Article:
The “SuperModelquins” at the Old Navy Lennox store have something new to smile about. The mannequins featured in the clothing store’s commercials are getting a new home that costs about $1 million.
Old Navy at Lennox Town Center, located on Olentangy River Road, is one of three Columbus stores being remodeled. The Sawmill location had its grand reopening in December 2009, and the Easton location is currently under renovation.
“It’s all about sharing an elevated shopping experience with the customer by being more upbeat and vibrant,” said Jeanne Charnas, a manager at the Lennox location who has worked for Old Navy for 10 years. “We’re putting the ‘wow’ back into shopping.”
Bradley Rexroat has been the head manager at the Lennox location since August 2007 and said this renovation is “bringing a fresh face to Old Navy.”
Fitting rooms are now located in the center of the store rather than the back, and cash registers are lined up in a row to create a single line for customers checking out. Charnas said this new layout makes it easier for customers to navigate the store.
The store also has a new paint job and more fluorescent lighting, part of the “vibrant” aspect Charnas described.
“The store looks bigger now even though nothing changed square footage-wise,” Rexroat said.
Some customers said it appears more products are on display now, but Charnas said the amount has not changed since the renovation.
“It looks different visually because of the floor layout,” Charnas said. “But we’ve made permanent homes for favorite items, like jeans and T-shirts, so customers always know where to go to find them.”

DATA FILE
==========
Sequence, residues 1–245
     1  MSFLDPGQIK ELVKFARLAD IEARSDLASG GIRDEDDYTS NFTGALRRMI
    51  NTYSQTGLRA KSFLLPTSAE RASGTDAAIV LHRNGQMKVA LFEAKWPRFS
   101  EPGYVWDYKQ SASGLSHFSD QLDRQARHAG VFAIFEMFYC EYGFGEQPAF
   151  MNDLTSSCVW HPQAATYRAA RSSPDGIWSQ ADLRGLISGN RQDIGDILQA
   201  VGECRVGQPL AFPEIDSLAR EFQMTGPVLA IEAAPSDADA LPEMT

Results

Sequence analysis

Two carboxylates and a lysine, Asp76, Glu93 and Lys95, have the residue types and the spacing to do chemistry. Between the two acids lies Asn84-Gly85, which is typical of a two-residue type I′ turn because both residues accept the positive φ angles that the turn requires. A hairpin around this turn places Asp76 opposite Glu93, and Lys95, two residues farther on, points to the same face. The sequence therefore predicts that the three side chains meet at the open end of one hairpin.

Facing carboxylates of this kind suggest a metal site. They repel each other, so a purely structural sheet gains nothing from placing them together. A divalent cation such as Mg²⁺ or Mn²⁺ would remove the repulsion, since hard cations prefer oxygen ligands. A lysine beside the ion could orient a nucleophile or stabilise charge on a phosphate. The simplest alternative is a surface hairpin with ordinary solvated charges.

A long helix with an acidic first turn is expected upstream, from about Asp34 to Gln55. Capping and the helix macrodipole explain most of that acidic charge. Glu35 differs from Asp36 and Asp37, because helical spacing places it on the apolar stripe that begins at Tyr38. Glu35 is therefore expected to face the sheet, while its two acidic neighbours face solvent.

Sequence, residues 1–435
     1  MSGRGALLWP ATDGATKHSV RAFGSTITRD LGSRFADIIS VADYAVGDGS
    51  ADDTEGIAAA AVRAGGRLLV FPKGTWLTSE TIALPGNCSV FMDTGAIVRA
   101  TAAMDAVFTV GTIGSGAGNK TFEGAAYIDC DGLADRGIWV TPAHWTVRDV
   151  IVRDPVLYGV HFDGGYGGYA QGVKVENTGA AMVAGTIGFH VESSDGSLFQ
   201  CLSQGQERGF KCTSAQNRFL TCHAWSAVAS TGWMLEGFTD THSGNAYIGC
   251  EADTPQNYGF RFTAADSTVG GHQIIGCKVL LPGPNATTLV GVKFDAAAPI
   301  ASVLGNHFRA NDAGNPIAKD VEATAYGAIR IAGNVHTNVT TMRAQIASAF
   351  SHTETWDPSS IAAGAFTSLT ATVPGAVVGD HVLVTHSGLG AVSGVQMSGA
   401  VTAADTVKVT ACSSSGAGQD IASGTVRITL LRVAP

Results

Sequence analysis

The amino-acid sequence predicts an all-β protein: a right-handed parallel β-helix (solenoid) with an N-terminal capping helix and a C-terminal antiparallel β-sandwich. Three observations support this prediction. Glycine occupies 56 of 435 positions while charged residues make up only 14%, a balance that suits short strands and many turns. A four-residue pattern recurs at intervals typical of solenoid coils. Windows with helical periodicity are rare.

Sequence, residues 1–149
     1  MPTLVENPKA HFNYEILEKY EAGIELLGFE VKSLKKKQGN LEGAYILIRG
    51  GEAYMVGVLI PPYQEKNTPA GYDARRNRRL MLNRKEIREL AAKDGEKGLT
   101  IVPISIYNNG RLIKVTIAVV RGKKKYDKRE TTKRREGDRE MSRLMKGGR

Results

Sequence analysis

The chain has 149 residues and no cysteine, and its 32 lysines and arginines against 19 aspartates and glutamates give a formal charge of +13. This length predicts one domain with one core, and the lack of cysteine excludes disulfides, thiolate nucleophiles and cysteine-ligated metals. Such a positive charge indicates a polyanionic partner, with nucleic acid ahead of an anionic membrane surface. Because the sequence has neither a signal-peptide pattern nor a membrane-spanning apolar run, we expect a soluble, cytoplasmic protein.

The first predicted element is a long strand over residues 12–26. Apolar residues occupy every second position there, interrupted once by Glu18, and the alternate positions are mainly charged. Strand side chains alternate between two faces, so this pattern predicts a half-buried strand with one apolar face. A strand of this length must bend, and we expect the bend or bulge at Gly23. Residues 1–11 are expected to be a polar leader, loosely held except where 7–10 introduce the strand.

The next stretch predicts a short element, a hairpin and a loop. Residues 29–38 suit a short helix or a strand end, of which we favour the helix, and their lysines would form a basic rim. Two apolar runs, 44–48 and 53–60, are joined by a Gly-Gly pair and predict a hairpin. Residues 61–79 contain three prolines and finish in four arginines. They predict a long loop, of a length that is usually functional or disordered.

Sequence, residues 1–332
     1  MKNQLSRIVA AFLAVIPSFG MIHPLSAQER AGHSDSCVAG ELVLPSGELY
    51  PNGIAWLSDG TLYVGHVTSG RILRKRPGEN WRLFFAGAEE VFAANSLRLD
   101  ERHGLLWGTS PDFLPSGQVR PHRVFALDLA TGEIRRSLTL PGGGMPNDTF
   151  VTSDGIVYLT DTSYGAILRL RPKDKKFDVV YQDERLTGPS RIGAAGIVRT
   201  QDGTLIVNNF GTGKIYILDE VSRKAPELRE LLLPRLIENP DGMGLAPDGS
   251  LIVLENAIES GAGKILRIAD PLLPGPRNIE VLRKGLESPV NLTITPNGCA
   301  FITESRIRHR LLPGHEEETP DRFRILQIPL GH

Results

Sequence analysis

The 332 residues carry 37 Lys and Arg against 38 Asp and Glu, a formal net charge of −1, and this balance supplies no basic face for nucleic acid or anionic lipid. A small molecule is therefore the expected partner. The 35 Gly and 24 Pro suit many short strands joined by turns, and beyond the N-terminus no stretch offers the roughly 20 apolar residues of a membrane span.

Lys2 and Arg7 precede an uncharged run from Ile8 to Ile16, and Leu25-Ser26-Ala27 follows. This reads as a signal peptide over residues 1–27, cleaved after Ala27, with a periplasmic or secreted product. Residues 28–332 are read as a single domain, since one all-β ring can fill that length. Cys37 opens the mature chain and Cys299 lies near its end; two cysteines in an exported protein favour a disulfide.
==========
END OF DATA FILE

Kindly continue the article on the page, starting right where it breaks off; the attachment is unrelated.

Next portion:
So far customers have been happy with the changes, Charnas said.
The Lennox location was chosen to be remodeled earlier than other locations, Charnas said, because of demographics, landlord choice and the volume of sales.
The company’s goal is to have 25 percent of the 1,022 Old Navy stores nationwide remodeled by the end of 2010 and have every store finished by the end of 2012, Rexroat said in an e-mail.
A “Customer Experience Survey” is given out to random customers during the check-out process. It is designed for customers to go online and rate their experience at Old Navy based on a 35-point scale.
“The [Customer Experience Survey] points were down because of the confusion with the barricades up during the remodeling, but we’ve risen three points in the last four days and we continue to go up,” Charnas said.
Customer comments include “clothes neatly displayed,” “cashiers are quick, efficient and happy” and “store is easy to navigate.”
Charnas said the success is due in part to the staff, which is more than 90 percent Ohio State students, who “helped lead customers through the change without negative effects.”
Still, some customers have yet to notice the new changes.
“I could smell the renovation … the paint smell mostly. But I don’t shop here often enough to really notice the change by myself,” said Kelly Joyce, a first-year in anthropology.
Sarah Askins, a fourth-year in human development and family science, has worked at the Lennox location for two years.
Askins said she “hasn’t heard a single complaint about the store” but thinks in addition to placing the fitting rooms in the center of the store, the number of rooms should increase.
“And I don’t really like the mirrors inside the fitting rooms because the fluorescent lights make them too bright,” she said.
Rexroat agreed the number of fitting rooms is the only constraint, but is still excited about the grand reopening on May 15 to which “all students are invited,” he said.
“Old Navy is simply trying to get away from the boxed-in shops and the warehouse style,” Rexroat said. “The stores haven’t changed since Old Navy was founded in 1994, and it was just time for a change.”